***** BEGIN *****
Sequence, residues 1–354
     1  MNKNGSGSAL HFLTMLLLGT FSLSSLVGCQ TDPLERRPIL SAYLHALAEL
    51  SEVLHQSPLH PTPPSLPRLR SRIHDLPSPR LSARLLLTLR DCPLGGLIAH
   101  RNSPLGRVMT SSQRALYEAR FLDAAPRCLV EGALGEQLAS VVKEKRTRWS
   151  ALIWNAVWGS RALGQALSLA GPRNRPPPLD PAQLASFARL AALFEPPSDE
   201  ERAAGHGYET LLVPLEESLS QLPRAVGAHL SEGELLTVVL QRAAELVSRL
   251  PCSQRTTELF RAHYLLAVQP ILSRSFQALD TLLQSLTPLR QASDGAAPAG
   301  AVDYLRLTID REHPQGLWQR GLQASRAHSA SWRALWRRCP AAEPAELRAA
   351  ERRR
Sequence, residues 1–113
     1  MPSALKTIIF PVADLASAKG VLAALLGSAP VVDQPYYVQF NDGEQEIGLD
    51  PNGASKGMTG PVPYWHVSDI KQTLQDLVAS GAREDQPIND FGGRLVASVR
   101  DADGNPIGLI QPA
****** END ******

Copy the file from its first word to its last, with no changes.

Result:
Sequence, residues 1–354
     1  MNKNGSGSAL HFLTMLLLGT FSLSSLVGCQ TDPLERRPIL SAYLHALAEL
    51  SEVLHQSPLH PTPPSLPRLR SRIHDLPSPR LSARLLLTLR DCPLGGLIAH
   101  RNSPLGRVMT SSQRALYEAR FLDAAPRCLV EGALGEQLAS VVKEKRTRWS
   151  ALIWNAVWGS RALGQALSLA GPRNRPPPLD PAQLASFARL AALFEPPSDE
   201  ERAAGHGYET LLVPLEESLS QLPRAVGAHL SEGELLTVVL QRAAELVSRL
   251  PCSQRTTELF RAHYLLAVQP ILSRSFQALD TLLQSLTPLR QASDGAAPAG
   301  AVDYLRLTID REHPQGLWQR GLQASRAHSA SWRALWRRCP AAEPAELRAA
   351  ERRR
Sequence, residues 1–113
     1  MPSALKTIIF PVADLASAKG VLAALLGSAP VVDQPYYVQF NDGEQEIGLD
    51  PNGASKGMTG PVPYWHVSDI KQTLQDLVAS GAREDQPIND FGGRLVASVR
   101  DADGNPIGLI QPA